Critical Perspectives and Pathways
Undergraduates in the Archives
Mapping the Provenance of Museum Objects
Student Commentary by Dakota Devos
1. Describe the sorts of work you did in developing your Google Earth presentation on this object. (You might consider both the unique forms of research involved and modes/methods of interpretation.)
This project required a diverse approach to research, including reading topical books and contemporary articles, conducting interviews with Walters conservators and curators, and making comparisons with similar objects from the period or in the artists’ oeuvres. However, an exhaustive physical examination of the objects themselves was the starting and ending point for piecing together the objects’ paths of alteration, ownership, and usage. Our final product was meant to offer a new way for viewers to connect with an object, so both our maps and audio clips reinforce our findings by continually asking the viewer to look closely at the evidence right in front of them.
2. What did you learn from this project that distinguished it from other academic courses?
This course offered three unique qualities. First, our research was meant for publication for museum visitors rather than exclusively for our professors. Second, we were able to do hands-on research with many of the Walters’ most revered objects while curators and conservators guided us in our examinations. Finally, this course encouraged an object-centric view of history, which was antithetical, conceptually, to the art history courses I had taken until that point. As an art history major I was accustomed to viewing specific art historical objects as close studies of broader trends that characterized the periods in which they were made. However, our assignment for Material Migrations was concerned not only with a study of the object’s creation and use in its own time, but also how its use changed throughout its history. I came away from the course with a greater appreciation for the power of contextualization. Art objects rarely remain static relics of a bygone era; rather, they continue to have vibrant lives and changing effects on their successive owners and audiences, not the least of which is their position as a tool for learning in the museum.
3. What was it like to create a final project that would be presented to the public?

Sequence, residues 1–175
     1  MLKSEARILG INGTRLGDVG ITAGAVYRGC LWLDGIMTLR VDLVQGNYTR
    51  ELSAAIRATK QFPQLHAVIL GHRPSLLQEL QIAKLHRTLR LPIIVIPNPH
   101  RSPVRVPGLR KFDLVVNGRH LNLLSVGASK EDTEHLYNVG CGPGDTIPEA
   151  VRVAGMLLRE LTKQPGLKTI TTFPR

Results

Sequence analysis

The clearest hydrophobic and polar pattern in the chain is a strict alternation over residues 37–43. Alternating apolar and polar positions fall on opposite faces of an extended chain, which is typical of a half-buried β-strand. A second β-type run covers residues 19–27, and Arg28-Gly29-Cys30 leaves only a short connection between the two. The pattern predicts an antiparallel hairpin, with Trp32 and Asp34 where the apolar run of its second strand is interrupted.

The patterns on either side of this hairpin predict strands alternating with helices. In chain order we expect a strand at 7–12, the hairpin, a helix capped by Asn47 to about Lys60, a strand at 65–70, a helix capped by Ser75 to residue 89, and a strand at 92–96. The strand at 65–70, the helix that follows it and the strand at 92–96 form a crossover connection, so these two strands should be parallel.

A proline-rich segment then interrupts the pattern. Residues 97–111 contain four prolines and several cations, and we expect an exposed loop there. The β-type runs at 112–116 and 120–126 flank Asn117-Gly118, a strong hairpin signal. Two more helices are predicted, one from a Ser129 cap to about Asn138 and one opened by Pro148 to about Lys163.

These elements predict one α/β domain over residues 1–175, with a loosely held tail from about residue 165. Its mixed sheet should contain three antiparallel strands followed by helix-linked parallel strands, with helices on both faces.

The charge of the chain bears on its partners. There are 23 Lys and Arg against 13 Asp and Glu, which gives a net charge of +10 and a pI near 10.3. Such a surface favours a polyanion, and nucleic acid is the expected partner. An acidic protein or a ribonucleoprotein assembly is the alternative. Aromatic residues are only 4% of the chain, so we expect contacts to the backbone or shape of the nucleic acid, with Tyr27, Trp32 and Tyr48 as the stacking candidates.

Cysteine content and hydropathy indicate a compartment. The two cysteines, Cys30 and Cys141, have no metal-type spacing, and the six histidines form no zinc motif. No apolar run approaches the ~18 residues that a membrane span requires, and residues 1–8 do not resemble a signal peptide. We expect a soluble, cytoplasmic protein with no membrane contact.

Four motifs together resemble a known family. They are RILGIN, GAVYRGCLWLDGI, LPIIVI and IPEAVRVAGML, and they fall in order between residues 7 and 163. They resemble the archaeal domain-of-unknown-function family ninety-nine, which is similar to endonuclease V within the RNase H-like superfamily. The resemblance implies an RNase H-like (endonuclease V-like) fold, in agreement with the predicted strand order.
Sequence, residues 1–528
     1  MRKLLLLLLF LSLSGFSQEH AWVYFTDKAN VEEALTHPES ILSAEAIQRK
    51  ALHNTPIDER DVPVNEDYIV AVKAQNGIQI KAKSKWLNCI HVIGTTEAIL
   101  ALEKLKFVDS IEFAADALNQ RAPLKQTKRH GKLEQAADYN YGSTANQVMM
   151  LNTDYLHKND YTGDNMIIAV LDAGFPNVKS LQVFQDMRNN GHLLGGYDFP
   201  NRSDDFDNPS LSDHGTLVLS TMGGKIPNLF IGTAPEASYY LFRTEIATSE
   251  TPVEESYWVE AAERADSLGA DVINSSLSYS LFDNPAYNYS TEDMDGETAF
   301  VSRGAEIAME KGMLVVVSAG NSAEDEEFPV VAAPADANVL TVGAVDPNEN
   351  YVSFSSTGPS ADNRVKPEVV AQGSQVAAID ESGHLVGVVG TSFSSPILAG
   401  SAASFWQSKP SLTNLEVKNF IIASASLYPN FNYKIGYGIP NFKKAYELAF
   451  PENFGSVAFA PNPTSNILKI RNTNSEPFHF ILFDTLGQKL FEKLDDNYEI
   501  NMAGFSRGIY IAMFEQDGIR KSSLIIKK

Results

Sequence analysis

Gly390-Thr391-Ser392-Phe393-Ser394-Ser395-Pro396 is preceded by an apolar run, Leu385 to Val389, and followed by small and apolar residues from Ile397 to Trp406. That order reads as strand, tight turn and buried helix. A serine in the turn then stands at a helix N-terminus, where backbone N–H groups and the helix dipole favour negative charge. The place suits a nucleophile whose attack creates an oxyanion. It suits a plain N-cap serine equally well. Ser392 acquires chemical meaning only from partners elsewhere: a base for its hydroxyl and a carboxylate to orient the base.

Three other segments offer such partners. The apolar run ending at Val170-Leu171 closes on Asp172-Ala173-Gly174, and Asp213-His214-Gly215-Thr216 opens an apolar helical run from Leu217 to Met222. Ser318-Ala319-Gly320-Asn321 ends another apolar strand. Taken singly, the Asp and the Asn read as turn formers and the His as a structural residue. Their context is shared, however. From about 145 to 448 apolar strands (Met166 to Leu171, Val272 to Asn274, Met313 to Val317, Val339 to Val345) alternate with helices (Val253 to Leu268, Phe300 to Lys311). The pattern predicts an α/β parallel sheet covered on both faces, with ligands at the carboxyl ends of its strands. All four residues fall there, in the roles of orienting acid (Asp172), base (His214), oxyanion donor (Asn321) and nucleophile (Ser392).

The project was intended to engage as broad a scope of museum visitors as possible, including youths and viewers who might have no background on the object, while still interesting our academic peers. Part of what made these objects so fascinating was the very unwieldiness of their provenance. I decided on central themes for both of my objects and ultimately cut out much of my research in order to focus on their tortuous histories. Considerations of display also affected the content of the map and audio. For example, while some of the pages of the illuminated manuscript I researched had beautiful drolleries in their margins, it was impractical to cite specific instances because only one spread of the fragile manuscript could be on display, and it might not have any drolleries.
4. What did you learn from working in a professional museum and in conjunction with its staff?
I chose one of my objects, the Beaupré Antiphonary, specifically because I had the opportunity to work with Professor Tilghman and the Walters’ rare books curator, Dr. William Noel. Collaborating with two of the top scholars in the field on an object that they knew intimately remains one of the brightest moments of my undergraduate career.
5. What did this course/project and the opportunity to work with museum objects and their archival records mean to your education? your future plans? your general interests?
This course reinforced my ambition to work in the field of museums because I found the work rewarding and academically invigorating. It was meaningful and exhilarating to produce work for a class that would help enrich the presentation of the Walters’ holdings.